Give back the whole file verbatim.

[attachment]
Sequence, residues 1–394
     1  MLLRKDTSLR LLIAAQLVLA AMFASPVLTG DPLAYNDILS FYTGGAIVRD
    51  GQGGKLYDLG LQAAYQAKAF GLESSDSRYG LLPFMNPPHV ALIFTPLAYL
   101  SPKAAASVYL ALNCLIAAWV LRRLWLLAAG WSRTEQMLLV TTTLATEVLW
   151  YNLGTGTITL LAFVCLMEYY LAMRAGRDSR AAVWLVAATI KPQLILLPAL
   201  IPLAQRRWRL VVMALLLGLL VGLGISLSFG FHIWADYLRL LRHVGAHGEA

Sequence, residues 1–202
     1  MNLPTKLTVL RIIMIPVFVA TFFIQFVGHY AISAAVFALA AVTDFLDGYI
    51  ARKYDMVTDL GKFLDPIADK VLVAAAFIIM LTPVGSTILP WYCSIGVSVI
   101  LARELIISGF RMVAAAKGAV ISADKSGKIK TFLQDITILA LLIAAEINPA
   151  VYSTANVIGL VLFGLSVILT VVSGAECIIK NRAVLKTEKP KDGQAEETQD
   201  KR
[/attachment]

Sequence, residues 1–394
     1  MLLRKDTSLR LLIAAQLVLA AMFASPVLTG DPLAYNDILS FYTGGAIVRD
    51  GQGGKLYDLG LQAAYQAKAF GLESSDSRYG LLPFMNPPHV ALIFTPLAYL
   101  SPKAAASVYL ALNCLIAAWV LRRLWLLAAG WSRTEQMLLV TTTLATEVLW
   151  YNLGTGTITL LAFVCLMEYY LAMRAGRDSR AAVWLVAATI KPQLILLPAL
   201  IPLAQRRWRL VVMALLLGLL VGLGISLSFG FHIWADYLRL LRHVGAHGEA

Sequence, residues 1–202
     1  MNLPTKLTVL RIIMIPVFVA TFFIQFVGHY AISAAVFALA AVTDFLDGYI
    51  ARKYDMVTDL GKFLDPIADK VLVAAAFIIM LTPVGSTILP WYCSIGVSVI
   101  LARELIISGF RMVAAAKGAV ISADKSGKIK TFLQDITILA LLIAAEINPA
   151  VYSTANVIGL VLFGLSVILT VVSGAECIIK NRAVLKTEKP KDGQAEETQD
   201  KR